. In this article we examine one recently published report and discuss
how to make it better.
The main problem with any performance test is that the results apply only to the
specific test scenario. If the test scenario is carefully selected, the results will be
relevant for a wide variety of situations. If the test report is good, then the exact
methodology is documented, so you can evaluate it, and determine whether the
results can be useful for you. For example this report
performed one test scenario for an uncommon situation of a small set (3) of high-
frequency publishers, and 15 mosquitto_sub subscribers. Plain text MQTT is only
used in trivial situations, and there is no indication that TLS transport is measured.
Latency measurements suffer from the time synchronization problem on different
Specifically, it says right at the beginning in the abstract
"The evaluation of the brokers is performed by a realistic test scenario"
but then, in section 4.1.1. Evaluation Conditions:
"Number of topics: 3
(via 3 publisher threads)
Number of publishers: 3
Number of subscribers: 15 (subscribing to all 3 topics)
Payload: 64 bytes
Topic names used to publish large
number of messages: ‘topic/0’, ‘topic/1’, ‘topic/2’
Topic used to calculate latency: ‘topic/latency
so rather than testing a large-scale environment, a small set (3) of high-frequency
recent broker has any problem with less than 1000 publishers.
Second, in section 4. the subscriber back-end is detailed:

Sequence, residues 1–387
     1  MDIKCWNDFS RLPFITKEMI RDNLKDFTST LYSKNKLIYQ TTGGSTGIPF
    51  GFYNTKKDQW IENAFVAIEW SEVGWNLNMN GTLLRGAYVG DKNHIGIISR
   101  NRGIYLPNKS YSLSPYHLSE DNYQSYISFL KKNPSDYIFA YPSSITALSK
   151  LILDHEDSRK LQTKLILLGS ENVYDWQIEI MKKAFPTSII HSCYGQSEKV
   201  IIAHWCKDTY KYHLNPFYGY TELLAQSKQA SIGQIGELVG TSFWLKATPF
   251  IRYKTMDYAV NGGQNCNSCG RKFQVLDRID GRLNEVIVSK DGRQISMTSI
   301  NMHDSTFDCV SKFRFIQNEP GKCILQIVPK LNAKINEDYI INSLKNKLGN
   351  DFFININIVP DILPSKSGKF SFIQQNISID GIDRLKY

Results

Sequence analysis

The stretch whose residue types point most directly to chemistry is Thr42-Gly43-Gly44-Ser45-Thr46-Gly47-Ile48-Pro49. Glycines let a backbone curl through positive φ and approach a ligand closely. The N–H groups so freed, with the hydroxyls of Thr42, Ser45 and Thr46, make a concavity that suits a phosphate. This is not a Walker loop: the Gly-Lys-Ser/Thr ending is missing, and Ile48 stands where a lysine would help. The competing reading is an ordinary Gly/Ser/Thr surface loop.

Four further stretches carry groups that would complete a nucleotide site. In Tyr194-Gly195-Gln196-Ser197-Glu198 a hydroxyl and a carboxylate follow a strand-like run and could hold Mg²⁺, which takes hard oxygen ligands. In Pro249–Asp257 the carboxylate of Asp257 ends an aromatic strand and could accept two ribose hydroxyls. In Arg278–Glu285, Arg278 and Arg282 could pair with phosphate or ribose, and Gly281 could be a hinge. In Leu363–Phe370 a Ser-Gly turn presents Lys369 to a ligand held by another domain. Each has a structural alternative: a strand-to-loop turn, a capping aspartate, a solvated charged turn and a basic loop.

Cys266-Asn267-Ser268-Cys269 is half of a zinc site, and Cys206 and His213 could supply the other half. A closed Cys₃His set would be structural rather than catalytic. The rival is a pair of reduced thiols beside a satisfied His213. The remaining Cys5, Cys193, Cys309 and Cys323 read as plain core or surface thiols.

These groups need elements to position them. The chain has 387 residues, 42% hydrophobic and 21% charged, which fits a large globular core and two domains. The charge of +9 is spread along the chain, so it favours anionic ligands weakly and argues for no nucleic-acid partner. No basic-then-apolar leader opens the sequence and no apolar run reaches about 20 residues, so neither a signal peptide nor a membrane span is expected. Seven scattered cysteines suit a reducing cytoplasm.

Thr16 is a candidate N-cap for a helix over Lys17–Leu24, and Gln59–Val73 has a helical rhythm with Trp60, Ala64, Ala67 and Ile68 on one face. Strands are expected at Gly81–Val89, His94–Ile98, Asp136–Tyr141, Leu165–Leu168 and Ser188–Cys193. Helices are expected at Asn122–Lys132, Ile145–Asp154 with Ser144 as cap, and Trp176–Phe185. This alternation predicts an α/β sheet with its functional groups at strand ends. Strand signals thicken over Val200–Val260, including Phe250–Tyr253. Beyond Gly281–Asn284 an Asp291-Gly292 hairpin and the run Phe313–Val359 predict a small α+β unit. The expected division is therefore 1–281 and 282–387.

"The subscriber machine used the “mosquitto_sub” command line
subscribers, which is an MQTT client for sub- scribing to topics and
printing the received messages. During this empirical evaluation, the
“mosquitto_sub” output was redirected to the null device (/dev/null) "
using a the simple mosquitto_sub
client which is single threaded. In addition,
the subscribers subscribe to all topics, probably the wildcard topic #. So, out of
many code paths in the broker, the least commonly used is tested. If your
application uses a topic hierarchy, with different subscribers subscribing to
different topic trees, then topic matching performance needs to be exercised.
Third, while QOS 0, 1 and 2 seem to be tested, only a single payload size
was used, and there is no indication that TLS transport is measured.
Fourth, they attempt to measure latency correctly, ie. section 4.1.2
"Latency is deﬁned as the time taken by a system to transmit a message
from a publisher to a subscriber"
but their methodology is flawed, since it is almost impossible to synchronize the
are in the 1ms range. So, the measurements rely on unknown synchronization.
For an example of the MIMIC latency testing methodology see this blog post